<i>Shark hunters defy ban</i>
Sharks are being hunted indiscriminately in the south-western coast of the country threatening marine eco system even though catching sharks is banned under the Wildlife Act.
Catching sharks is now a lucrative business for a large number of fishermen as shark skin, fin, teeth, bones, stomach is sold at high prices abroad particularly in the Middle East and European countries.
Kuakata, Sonar Char, Ruper Char, Fatrar Char, Char Gongmoti in Patuakhali and Asar Char, Patharghata areas of Barguna are the places where sharks are captured and processed in broad day light. At least 50 shark processing centres sprung up in these areas.
Shark fin is used for making soup and considered a delicacy. The skin is used for making fashionable leather goods like wallets, women's bags, ornaments boxes and shoes. Shark skins are sold at Tk 2,500 to Tk 3,000 per kg in the Middle East and European countries. Shark teeth and bones are used for making various ornaments.
Shark fat is used for making medicines and sold at over Tk 3,000 a kg. Their internal organs are used as fish and poultry feed, fishermen of Kuakata said.
Sources say traders from Chittagong go to Barguna and Patuakhali to encourage fishermen catch sharks since these areas are considered shark territory. At least 2,000 fishermen of these areas are involved in netting and processing sharks.
A large part of the shark catch is allegedly smuggled to Myanmar and Bangkok with the help of traders from Chittagong as there is little monitoring of fishermen's catch or their customers, sources said.
At least 250 trawlers are engaged in netting sharks. The peak season is between December and April as shark packs throng the shallow waters there, marine resources experts and fishermen said.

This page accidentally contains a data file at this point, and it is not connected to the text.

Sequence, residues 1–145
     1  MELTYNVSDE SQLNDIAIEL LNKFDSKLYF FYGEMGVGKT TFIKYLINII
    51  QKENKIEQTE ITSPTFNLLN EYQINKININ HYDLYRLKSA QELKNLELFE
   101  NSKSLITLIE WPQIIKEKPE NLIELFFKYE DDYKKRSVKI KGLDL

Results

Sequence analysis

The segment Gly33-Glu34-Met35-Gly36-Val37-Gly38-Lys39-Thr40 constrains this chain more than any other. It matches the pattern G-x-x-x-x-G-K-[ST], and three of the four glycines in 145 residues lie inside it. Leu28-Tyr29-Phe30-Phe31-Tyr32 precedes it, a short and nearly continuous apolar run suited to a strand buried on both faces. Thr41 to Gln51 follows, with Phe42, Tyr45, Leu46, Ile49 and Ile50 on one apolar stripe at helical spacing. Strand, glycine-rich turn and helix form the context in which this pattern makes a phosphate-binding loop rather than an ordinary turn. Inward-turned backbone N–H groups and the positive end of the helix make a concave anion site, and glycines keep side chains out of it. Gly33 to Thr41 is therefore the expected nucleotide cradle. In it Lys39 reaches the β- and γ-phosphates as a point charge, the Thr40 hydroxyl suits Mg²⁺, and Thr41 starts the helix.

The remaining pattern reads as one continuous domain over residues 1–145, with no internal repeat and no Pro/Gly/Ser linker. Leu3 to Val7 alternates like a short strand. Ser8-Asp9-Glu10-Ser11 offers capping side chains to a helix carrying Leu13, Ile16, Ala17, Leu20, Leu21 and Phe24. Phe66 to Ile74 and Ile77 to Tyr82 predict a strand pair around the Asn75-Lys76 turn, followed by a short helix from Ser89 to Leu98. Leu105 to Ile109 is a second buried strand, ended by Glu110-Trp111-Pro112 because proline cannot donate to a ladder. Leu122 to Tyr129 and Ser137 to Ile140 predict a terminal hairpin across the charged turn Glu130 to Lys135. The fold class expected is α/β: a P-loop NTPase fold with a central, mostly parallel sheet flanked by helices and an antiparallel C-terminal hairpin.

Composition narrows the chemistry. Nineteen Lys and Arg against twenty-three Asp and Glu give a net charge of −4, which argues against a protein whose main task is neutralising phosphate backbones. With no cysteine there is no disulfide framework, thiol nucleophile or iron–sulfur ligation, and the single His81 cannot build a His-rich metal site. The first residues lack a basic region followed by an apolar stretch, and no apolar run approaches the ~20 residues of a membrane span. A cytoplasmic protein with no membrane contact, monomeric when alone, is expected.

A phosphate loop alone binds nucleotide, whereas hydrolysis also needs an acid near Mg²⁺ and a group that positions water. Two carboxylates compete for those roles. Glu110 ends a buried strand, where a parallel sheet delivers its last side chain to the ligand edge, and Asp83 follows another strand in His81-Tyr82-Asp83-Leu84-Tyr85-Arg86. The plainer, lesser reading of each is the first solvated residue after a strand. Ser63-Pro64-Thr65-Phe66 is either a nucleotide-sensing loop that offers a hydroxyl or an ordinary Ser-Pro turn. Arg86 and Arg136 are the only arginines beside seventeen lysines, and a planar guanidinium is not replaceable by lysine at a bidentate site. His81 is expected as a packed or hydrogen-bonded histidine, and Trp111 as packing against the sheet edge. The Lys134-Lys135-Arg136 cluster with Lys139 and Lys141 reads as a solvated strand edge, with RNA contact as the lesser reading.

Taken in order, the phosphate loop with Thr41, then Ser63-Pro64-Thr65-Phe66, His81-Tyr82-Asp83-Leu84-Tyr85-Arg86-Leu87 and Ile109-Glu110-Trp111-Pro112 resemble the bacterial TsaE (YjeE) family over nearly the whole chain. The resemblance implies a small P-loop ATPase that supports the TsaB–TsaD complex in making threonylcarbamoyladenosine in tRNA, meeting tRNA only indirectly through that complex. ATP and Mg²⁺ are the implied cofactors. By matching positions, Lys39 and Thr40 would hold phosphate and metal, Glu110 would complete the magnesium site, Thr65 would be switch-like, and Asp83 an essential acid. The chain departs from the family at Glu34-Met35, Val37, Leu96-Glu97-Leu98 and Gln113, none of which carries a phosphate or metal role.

Even smaller sharks are netted as fishermen use a special net locally known as "Jatka jal" to catch them.
More and more fishermen are attracted to shark netting as it brings more profit, Abdus Salam Howlader, president of fishing trawlers owners association, said.
Pijush Kanti Hori, former chairman of geology department of Patuakhali Government College, said indiscriminate shark netting will seriously destabilise the marine eco system.
"Sharks live on a number of fast growing varieties of small fish. They check over-population and maintain balance," he added.
They are predators and part of the food chain and if their numbers reduce other fish will rise in number and the marine eco-system will lose its balance. Moreover, as a natural phenomenon sharks will move away from Bangladesh waters if this menace continues, he said adding that it would also complicate matters.
The Coastguards and officials of East Wing of Sundarbans Forest Division recovered eight dead sharks of rare species on February 7 from four trawlers at Dublarchar in the Sundarbans.
Each of the sharks is about eight feet long and weighs over 40 kg, said Officer-in-charge of Dublarchar Forest Station Tajul Islam who had joined the recovery operations.
Tajul said catching shark is forbidden under the Wildlife Act. The sharks were netted in the Bay of Bengal and concealed under the decks of trawlers.
Local law enforcers including forest officials are yet to conduct any drive against shark catchers.